The trope that starts every Dungeons & Dragons campaign is “So, you meet in a tavern.” Which is fitting. For most campaigns start with a diverse group of characters who don’t have strong connections throughout the group. They are a cross-cultural, cross-class, cross-Class, cross-everything group that wouldn’t meet at most places in the medieval-Renaissance-ish fantasy world that is D&D.
But the tavern, via the trope, has become a third place. It’s not home (though it often becomes that). It’s not work (though it often becomes that). It’s the place between. And these places between are frequently where subcultures within a society connect.
Various cultures have had different third places. For modern America it is now the coffeeshop and used to be bowling alleys. In the Ottoman Empire in the classical age had its cafes, where philosophy, music and political debate occurred.
In New England during the American Revolution public houses were the gathering point, for many at that time the first place was a co-located home with work and the second were churches.
The Greeks gathered on the steps of temples. Finns and Russians gather in bathhouses.
Sporting venues have been third places, before they became economically stratified. Travelling carnivals and festivals can be a third place.
No matter the type of third place, it tells you a bit about the culture.
Using third places as a character backstory tool
When creating a PC think about the place where you mingled with peoples unlike you. Where did your dwarf first meet an elf? Where did your farmer first meet a noble? Where did your follower of Lathander meet an unbeliever?
This decision will help tell you about your own history.
It will connect them to a place and associated behaviors that aren’t mechanics, but are fuel for the social pillar. Their own stories about a trip to watch a great debate between philosophers, a visit to the library, or the type of ale they enjoyed at the pub are stories that add more depth to the shared story that is D&D.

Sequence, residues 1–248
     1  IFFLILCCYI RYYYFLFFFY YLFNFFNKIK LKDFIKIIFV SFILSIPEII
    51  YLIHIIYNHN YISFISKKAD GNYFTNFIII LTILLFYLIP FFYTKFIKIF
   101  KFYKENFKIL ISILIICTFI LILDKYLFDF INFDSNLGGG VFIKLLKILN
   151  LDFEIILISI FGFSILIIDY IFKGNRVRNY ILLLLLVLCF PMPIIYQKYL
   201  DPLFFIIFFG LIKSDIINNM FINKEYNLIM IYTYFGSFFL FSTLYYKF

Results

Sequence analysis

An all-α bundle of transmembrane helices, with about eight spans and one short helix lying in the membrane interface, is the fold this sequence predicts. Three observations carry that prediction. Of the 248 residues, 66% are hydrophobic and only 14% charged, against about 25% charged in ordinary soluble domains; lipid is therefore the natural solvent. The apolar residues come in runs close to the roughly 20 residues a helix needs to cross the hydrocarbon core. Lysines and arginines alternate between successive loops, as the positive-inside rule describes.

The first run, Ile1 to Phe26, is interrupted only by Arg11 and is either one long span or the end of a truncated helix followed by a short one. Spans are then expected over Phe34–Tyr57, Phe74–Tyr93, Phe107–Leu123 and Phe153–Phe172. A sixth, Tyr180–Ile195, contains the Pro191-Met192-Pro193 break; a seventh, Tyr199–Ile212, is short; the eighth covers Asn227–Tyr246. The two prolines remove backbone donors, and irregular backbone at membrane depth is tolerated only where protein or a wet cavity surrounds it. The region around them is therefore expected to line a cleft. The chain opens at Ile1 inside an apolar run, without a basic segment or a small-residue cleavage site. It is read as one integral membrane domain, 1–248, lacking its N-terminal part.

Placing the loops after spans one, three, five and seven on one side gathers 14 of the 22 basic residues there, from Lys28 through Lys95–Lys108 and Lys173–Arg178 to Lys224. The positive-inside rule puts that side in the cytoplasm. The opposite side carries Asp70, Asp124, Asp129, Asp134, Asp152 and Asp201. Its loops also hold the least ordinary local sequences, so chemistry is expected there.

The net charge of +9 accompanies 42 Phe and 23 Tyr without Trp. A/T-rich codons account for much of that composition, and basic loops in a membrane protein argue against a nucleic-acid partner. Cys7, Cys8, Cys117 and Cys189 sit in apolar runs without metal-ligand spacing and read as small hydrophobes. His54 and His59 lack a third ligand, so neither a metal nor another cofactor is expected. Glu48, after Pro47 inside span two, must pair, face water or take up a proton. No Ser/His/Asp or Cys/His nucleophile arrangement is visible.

Adventurers have the place where they sleep (a cave, a cove, an inn), the place where they work (dungeons), and the places where they spend time meeting strangers with odd quests. Once they start their adventure they have the third place that was cross-cultural communication when they were growing up and now the place between — and that’s up to the whole party of different peoples.
Using third places as a world building tool
Dungeon Masters generally are more active in creating the world. There are a few ways they can use third places in that world.
- Collect each players’ third places in your notes. Give them the opportunity to revisit them in new lands.
- Start the campaign at the typical third place for the origin culture of the campaign. “So, you meet on the steps of the temple.”
- When the group comes to a new land and looks for their comfortable third place (the tavern) demonstrate how that locale is different from their expectation and what the unfamiliar culture would use as their non-stratified place that welcomes outsiders.
- Use maps of abandoned third places to show how different the older ages were from the one in which you campaign.
- Have an NPC name-drop their favorite third place. This can show how they are familiar to most of the group, or different. Each NPC can have their own place, they should!
- Have two third places in the same town share similarities but still be unique beyond their name. Maybe the Rusty Clam is a working pub and the Silver Nail is for the merchant class — and yet the players are welcomed at both.
These are flavor elements, but flavor is story in D&D. And story is what tables build together, usually because Dungeons and Dragons is now our third place.
One thought on “Using ‘third places’ to add cultural depth to your D&D campaign or character”
Great post. In my world we have a couple third places that come to mind.
In Kosantia (modeled loosely after Tukey) they have a great outdoor market where all manner of things can be bought & sold. Locals and visitor congregate here at all hours of the day.
Gowandia (with surroundings reminiscent of West Africa) is know for its scholars. The great library there along the coast is a center of knowledge and a destination for those who seek it out.